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    Data identifying landscape areas (shown as polygons) attributed with geological names and rock type descriptions. The scale of the data is 1:50 000 scale. Onshore coverage is provided for all of England, Wales, Scotland and the Isle of Man. Superficial deposits are the youngest geological deposits formed during the most recent period of geological time, the Quaternary, which extends back about 2.58 million years from the present. They lie on top of older deposits or rocks referred to as bedrock. Superficial deposits were laid down by various natural processes such as action by ice, water, wind and weathering. As such, the deposits are denoted by their BGS Lexicon name, which classifies them on the basis of mode of origin (lithogenesis) with names such as, 'glacial deposits', 'river terrace deposits' or 'blown sand'; or on the basis of their composition such as 'peat'. Most of these superficial deposits are unconsolidated sediments such as gravel, sand, silt and clay. The digital data includes attribution to identify each deposit type (in varying levels of detail) as described in the BGS Rock Classification Scheme (volume 4). The data are available in vector format (containing the geometry of each feature linked to a database record describing their attributes) as ESRI shapefiles and are available under BGS data licence.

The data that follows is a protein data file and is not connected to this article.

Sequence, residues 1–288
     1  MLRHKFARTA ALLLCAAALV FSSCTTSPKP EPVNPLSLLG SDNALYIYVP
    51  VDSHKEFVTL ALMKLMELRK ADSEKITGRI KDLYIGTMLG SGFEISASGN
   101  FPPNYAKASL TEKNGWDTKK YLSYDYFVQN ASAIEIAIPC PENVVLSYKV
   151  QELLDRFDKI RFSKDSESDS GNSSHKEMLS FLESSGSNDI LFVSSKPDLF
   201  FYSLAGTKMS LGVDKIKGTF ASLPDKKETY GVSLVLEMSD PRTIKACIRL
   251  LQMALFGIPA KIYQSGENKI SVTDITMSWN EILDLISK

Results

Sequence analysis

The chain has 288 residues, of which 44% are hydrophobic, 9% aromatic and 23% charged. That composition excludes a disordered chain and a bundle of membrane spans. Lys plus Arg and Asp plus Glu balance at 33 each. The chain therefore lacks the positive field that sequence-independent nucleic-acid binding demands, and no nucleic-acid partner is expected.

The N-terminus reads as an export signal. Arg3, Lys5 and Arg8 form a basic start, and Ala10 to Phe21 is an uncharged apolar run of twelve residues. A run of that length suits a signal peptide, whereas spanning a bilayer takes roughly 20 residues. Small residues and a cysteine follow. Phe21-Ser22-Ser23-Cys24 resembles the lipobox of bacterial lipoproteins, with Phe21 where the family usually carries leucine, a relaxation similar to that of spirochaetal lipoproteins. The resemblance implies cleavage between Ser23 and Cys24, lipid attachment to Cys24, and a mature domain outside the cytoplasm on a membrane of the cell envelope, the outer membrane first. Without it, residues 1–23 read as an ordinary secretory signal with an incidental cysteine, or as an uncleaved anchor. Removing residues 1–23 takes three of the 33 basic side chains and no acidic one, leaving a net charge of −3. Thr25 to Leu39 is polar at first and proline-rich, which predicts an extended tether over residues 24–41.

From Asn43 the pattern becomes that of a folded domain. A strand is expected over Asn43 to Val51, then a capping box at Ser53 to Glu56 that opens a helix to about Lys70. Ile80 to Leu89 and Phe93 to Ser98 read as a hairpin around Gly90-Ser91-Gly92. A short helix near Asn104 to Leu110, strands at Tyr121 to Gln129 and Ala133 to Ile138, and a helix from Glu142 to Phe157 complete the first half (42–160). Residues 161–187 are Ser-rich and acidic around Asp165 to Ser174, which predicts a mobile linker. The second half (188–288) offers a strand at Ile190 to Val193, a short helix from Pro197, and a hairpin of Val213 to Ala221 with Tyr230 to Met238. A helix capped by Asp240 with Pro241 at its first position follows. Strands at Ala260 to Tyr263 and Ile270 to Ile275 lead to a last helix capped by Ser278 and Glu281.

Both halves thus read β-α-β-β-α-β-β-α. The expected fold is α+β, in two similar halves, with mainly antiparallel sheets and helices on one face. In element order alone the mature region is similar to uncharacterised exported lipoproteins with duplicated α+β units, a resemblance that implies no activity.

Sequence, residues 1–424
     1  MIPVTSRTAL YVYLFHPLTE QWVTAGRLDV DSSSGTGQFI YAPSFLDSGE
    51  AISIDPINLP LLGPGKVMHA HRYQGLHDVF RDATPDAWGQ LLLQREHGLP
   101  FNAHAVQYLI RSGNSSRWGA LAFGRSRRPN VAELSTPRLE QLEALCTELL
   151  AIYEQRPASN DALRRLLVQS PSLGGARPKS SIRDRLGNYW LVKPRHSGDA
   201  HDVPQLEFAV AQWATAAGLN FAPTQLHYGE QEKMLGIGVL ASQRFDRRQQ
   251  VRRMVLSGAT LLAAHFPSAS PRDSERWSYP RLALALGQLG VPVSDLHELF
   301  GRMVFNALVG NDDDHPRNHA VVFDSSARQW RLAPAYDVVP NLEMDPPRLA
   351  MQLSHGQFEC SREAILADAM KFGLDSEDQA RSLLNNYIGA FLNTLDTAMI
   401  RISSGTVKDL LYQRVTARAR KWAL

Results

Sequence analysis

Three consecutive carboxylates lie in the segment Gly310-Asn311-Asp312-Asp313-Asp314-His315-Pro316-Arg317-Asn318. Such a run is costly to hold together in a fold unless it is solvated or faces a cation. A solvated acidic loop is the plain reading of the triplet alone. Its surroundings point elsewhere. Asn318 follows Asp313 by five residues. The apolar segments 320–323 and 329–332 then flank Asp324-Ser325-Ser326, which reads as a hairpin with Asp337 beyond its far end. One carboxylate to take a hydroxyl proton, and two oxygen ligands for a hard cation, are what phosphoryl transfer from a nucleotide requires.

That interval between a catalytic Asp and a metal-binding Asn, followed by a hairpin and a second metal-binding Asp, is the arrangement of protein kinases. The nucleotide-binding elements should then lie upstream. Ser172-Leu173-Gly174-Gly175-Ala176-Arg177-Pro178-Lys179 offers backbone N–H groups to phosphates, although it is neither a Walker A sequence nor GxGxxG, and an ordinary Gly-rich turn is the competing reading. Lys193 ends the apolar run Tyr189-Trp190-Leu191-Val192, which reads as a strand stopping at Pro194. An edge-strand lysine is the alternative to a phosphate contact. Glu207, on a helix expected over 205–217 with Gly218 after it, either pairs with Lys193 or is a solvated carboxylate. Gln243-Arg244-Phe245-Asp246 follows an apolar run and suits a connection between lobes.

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    Data identifying landscape areas (shown as polygons) attributed with type of mass movement e.g. landslip. The scale of the data is 1:50 000 scale. Onshore coverage is provided for all of England, Wales, Scotland and the Isle of Man. Mass movement describes areas where deposits have moved down slope under gravity to form landslips. These landslips can affect bedrock, superficial or artificial ground. Mass movement deposits are described in the BGS Rock Classification Scheme Volume 4. However the data also includes foundered strata, where ground has collapsed due to subsidence (this is not described in the Rock Classification Scheme). Caution should be exercised with this data; historically BGS has not always recorded mass movement events and due to the dynamic nature of occurrence significant changes may have occurred since the data was released. The data are available in vector format (containing the geometry of each feature linked to a database record describing their attributes) as ESRI shapefiles and are available under BGS data licence.